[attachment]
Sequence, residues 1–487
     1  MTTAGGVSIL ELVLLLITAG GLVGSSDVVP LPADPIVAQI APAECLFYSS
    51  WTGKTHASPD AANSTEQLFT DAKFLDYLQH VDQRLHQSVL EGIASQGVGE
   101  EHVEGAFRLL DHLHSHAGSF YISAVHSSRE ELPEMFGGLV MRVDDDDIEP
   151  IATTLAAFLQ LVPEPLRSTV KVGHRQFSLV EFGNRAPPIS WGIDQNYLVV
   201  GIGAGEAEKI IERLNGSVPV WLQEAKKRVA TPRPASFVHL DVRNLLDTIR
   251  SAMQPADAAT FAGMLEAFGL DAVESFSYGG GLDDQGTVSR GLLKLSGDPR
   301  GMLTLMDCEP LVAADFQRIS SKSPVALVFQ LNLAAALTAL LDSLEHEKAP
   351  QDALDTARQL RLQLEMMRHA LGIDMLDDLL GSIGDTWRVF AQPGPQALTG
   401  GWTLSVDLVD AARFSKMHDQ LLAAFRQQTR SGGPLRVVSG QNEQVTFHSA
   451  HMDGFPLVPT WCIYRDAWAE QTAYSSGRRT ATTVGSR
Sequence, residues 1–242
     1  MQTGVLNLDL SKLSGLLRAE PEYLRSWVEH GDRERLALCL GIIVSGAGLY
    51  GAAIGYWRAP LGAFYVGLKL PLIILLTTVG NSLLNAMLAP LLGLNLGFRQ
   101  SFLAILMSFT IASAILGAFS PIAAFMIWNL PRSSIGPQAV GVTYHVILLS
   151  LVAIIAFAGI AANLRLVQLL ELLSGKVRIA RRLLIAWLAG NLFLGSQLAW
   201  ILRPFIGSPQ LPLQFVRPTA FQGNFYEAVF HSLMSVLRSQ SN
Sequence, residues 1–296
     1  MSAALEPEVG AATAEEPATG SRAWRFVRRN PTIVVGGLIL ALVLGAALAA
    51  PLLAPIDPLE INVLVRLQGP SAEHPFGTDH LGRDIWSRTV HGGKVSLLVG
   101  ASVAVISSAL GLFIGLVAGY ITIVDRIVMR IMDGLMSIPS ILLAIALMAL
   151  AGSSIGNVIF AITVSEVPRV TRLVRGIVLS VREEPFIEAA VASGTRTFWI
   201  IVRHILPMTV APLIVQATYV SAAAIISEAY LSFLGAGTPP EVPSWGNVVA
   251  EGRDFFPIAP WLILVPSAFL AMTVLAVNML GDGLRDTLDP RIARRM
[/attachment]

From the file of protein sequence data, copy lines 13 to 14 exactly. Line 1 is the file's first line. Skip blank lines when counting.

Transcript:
     1  MQTGVLNLDL SKLSGLLRAE PEYLRSWVEH GDRERLALCL GIIVSGAGLY
    51  GAAIGYWRAP LGAFYVGLKL PLIILLTTVG NSLLNAMLAP LLGLNLGFRQ